a strong foundation and take shelter there. 2. If a shelter is not available, lie in a ditch
or low-lying area a safe distance away from the mobile home. 3. Use your arms to protect your head and neck. 4. Stay alert to the potential for flooding. If you are at work or school: 1. Go to the basement or an inside hallway at
the lowest level. 2. Avoid places with wide-span roofs such as
auditoriums, cafeterias, gymnasiums, large hallways or shopping malls. 3. Get under a sturdy piece of furniture such
as a desk or heavy table. 4. Use your arms to protect head and neck If you are in a vehicle, never try to outrun
a tornado. Tornadoes can change direction quickly and
a car is no match for the strong tornado gusts and can be tossed through the air. Get out of the vehicle immediately and take
shelter in a nearby building. And if there is no time to take shelter, then
use the same advice when stranded outside: lie in a ditch or low-lying area, use your
arms to protect your head and neck, and stay alert to the potential for flooding. Those are a few suggestions on how to protect
yourself if a tornado hits, but it’s also sensible to be as prepared as you can. According to the Centre for Disease Control
and Prevention, or CDC, the best way to stay safe during a tornado is to have the following
items on hand: Fresh batteries and a battery-operated TV, radio, or internet-enabled device to listen
to the latest emergency weather information; A tornado emergency plan including access
to a “safe shelter” for yourself and for people with special needs; An emergency kit,
including water, non-perishable food, and medication; and a list of important information,
including telephone numbers. And of course it’s always sensible to be
aware of the weather conditions…As well as keeping an eye on the sky, if you know
thunderstorms are expected, stay tuned to local radio and TV stations. According to the National Oceanic and Atmospheric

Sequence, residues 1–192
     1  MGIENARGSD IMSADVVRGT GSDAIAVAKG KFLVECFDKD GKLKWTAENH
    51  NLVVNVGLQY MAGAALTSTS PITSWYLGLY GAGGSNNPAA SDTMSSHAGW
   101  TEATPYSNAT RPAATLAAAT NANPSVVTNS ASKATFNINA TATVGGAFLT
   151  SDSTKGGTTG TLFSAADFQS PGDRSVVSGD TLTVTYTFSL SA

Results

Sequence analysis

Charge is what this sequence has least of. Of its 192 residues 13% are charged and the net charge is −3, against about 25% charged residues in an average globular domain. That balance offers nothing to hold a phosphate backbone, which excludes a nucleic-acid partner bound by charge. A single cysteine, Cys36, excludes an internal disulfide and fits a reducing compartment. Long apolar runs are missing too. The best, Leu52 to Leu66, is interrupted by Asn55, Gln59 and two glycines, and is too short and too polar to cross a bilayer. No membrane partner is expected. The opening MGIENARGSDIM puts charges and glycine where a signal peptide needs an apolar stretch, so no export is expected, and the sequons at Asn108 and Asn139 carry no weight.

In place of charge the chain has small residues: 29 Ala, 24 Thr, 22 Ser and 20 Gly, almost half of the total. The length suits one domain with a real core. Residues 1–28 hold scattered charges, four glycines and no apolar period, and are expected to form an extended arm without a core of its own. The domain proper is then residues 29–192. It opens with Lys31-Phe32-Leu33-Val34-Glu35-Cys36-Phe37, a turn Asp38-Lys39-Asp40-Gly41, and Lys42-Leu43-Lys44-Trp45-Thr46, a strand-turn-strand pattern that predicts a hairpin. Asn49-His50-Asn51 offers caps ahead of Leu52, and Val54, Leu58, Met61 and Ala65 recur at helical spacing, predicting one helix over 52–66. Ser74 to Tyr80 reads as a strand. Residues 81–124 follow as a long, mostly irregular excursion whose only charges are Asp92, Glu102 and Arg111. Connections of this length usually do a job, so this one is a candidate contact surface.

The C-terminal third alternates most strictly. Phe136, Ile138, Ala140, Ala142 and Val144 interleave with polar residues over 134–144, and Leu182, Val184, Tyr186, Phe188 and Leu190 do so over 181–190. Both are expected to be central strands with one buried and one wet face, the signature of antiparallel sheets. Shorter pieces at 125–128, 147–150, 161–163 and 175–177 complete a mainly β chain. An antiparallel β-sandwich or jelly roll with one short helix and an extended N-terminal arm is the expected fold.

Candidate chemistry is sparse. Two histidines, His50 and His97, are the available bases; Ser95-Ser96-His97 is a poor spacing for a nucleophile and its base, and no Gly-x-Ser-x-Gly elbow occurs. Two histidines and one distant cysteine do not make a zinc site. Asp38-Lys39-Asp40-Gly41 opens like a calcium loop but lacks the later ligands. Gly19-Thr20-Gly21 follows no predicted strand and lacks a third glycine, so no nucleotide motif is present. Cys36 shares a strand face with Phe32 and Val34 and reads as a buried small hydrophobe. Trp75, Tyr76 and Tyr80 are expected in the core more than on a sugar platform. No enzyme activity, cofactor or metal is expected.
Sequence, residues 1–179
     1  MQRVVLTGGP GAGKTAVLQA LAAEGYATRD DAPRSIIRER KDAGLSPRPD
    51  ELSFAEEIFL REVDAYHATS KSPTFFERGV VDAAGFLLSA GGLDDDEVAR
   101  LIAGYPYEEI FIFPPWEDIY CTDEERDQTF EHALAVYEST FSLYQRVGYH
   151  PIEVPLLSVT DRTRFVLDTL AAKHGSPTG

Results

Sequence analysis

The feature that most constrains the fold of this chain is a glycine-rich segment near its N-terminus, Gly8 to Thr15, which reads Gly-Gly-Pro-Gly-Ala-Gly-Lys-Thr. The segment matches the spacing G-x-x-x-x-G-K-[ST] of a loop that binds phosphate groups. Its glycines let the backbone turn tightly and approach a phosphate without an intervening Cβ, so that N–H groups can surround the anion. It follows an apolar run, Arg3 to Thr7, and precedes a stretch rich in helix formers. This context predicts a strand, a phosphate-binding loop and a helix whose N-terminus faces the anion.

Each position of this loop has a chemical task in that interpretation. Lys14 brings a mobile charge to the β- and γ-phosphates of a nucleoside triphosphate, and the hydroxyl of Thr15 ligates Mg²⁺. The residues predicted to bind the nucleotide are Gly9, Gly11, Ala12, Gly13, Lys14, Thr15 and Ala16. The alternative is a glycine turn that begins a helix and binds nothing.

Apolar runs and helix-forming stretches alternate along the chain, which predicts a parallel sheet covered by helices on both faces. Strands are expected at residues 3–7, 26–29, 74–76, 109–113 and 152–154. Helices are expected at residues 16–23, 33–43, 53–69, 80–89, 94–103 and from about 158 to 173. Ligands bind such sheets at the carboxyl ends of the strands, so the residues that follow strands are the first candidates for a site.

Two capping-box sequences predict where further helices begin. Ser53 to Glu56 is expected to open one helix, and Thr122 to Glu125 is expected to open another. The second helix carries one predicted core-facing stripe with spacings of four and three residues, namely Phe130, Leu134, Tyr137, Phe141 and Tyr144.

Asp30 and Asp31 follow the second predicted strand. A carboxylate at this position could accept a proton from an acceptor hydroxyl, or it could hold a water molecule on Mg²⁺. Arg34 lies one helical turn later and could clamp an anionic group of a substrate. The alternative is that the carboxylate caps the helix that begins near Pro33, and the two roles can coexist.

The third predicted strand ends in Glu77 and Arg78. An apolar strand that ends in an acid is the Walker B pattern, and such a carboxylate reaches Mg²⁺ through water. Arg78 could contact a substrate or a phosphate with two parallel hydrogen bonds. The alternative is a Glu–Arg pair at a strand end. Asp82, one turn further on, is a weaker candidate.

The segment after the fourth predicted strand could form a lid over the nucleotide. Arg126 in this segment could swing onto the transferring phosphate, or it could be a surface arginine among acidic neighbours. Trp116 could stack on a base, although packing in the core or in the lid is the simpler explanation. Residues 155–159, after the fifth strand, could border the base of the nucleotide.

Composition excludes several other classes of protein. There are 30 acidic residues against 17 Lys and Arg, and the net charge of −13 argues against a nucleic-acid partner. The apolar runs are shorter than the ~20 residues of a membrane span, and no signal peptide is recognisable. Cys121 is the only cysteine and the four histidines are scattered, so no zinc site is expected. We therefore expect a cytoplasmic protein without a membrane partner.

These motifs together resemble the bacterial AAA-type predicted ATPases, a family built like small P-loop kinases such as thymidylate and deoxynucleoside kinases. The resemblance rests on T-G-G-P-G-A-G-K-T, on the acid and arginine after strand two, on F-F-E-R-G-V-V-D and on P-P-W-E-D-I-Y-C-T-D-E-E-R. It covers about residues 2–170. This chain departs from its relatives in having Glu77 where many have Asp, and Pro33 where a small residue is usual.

Agency (NOAA) there is no guaranteed safety during a tornado. Even the possibility of a tornado must be
taken seriously. In 2016 the tornado season claimed the lives
of 18 individuals and injured another 325. 78% of those victims were in a mobile home
or trailer park at the time of the tornado. These storms caused an estimated $183 million
in property damage. Although the most violent tornadoes can level
and blow away almost any house and those within it, extremely violent F5 tornadoes are very
rare and most tornadoes are much weaker. Do you know what to do in case of a massive
emergency? Maybe not for a tornado, but how about for
an earthquake or a flood? If not, you should consider taking a class
with a retired US Navy military police officer called “Basic Disaster Prep: Developing
a Home Preparedness Plan.” You can learn this and many more things by
joining Skillshare. Study things that will help you out with your
day to day life, or maybe improve skills that will get you better job opportunities! Skillshare is an online learning community
with over 20,000 classes in leadership, photography, productivity, and more. Premium Membership will give you unlimited
access to topics that will improve your skills and your life! Join the millions of other people who are
using Skillshare and get 2 months for free. To sign up, go to Skillshare.com/ infographics33
or click the link in the description, and start learning today! Do you live in Tornado Alley and maybe you’ve
even seen one of these destructive forces of nature in action. Let us know in the comments. Also, be sure to watch our other video called
This man spent 43 years in isolation! Thanks for watching, and as always, don’t
forget to like, share and subscribe, see you next time!.